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Removal of unstable trees to cause temporary closures

The Pagosa Ranger District will be removing diseased trees from the Treasure Falls Observation Site and the West Fork Trailhead in October, resulting in temporary closures for motorists and National Forest visitors.

Hazardous conditions have been created by an outbreak of an infectious tree disease known as Armillaria, which causes trees to become unstable and subject to failure. ?To protect the public during felling and removal operations, the Treasure Falls parking area, restroom and trail on U.S. 160 at the base of Wolf Creek Pass will be temporarily closed to the public from Tuesday, Oct. 12, to Saturday, Oct.16. Helicopters will be used to lift the felled trees over the highway, and they will be deposited nearby at the West Fork Trailhead. ?During this time, motorists will experience intermittent traffic delays on the adjacent section of U.S. 160 when helicopters pass overhead. ?Access to the West Fork Trailhead will also be temporarily blocked during operations.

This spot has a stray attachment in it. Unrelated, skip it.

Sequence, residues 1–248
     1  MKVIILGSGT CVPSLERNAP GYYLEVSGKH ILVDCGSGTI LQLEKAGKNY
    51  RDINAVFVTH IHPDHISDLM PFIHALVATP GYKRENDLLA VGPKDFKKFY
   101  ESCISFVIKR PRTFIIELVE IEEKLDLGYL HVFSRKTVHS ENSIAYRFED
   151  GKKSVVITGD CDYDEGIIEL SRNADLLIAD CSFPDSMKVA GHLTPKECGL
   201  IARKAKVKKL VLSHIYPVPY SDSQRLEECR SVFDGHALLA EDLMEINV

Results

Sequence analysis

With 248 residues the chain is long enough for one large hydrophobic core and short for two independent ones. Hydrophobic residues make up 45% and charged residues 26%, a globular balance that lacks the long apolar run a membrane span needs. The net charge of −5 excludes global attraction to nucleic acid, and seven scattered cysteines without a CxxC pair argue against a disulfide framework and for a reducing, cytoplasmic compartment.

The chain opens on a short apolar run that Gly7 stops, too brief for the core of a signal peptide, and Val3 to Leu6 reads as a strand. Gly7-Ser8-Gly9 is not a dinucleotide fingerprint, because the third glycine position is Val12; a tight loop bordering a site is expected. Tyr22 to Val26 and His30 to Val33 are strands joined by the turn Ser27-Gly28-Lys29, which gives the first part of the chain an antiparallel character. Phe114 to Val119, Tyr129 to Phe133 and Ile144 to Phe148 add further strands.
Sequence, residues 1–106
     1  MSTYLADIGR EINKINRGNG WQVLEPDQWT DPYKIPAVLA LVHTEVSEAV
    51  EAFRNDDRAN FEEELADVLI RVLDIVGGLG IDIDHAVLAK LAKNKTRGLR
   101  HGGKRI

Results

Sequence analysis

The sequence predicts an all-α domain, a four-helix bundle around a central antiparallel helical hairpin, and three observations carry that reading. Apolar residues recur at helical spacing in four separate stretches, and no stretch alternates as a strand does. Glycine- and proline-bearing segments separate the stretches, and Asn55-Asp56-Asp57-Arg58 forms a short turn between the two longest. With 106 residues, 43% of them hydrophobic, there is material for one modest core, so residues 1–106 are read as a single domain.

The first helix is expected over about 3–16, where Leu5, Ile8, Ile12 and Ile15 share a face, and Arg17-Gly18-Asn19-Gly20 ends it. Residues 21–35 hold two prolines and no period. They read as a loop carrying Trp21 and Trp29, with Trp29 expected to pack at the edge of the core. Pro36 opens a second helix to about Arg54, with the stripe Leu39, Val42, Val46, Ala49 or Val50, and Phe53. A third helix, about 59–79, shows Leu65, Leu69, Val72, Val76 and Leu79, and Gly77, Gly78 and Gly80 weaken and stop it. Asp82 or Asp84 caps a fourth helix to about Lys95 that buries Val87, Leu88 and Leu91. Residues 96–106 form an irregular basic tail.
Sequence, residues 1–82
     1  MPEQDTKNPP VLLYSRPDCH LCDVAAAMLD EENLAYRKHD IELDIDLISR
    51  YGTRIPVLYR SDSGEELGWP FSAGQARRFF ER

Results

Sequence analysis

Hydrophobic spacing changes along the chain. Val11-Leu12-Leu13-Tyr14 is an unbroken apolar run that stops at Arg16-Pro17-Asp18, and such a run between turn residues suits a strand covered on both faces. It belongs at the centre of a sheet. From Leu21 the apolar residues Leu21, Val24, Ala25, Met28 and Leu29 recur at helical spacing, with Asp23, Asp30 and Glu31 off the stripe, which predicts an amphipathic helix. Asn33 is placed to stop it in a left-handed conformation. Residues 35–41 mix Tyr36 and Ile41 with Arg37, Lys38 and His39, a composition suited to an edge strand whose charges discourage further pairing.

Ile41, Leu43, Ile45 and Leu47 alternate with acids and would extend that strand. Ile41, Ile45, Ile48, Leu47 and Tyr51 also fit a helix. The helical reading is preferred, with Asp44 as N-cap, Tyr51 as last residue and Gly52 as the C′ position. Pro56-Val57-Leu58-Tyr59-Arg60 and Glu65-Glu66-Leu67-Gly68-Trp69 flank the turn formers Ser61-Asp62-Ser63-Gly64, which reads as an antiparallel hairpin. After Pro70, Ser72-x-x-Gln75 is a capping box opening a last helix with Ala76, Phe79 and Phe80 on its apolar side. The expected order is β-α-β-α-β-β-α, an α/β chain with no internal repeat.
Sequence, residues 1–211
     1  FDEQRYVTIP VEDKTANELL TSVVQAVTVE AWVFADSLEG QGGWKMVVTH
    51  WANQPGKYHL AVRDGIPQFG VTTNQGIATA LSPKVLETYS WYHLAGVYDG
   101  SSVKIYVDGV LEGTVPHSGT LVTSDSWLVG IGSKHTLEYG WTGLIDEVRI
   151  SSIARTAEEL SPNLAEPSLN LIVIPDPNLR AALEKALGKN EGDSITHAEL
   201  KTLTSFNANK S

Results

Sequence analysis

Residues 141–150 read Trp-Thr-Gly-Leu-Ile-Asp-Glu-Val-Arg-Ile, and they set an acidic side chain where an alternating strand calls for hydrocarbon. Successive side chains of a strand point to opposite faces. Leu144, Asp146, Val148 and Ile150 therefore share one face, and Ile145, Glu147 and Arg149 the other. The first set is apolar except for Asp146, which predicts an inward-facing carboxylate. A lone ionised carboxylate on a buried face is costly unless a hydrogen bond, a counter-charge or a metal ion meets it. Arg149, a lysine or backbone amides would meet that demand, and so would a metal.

The following week, the West Fork Trailhead and West Fork Road (Forest Road 648) will again be closed intermittently from Monday, Oct. 18, through Monday, Oct. 25, to allow for removal of hazardous trees at the West Fork Trailhead. ?Temporary delays may be up to 30 minutes. ?During that week, the West Fork Trailhead parking area will be closed for one full day during the felling operations. ?

For more information contact the Pagosa Ranger District at 264-2268.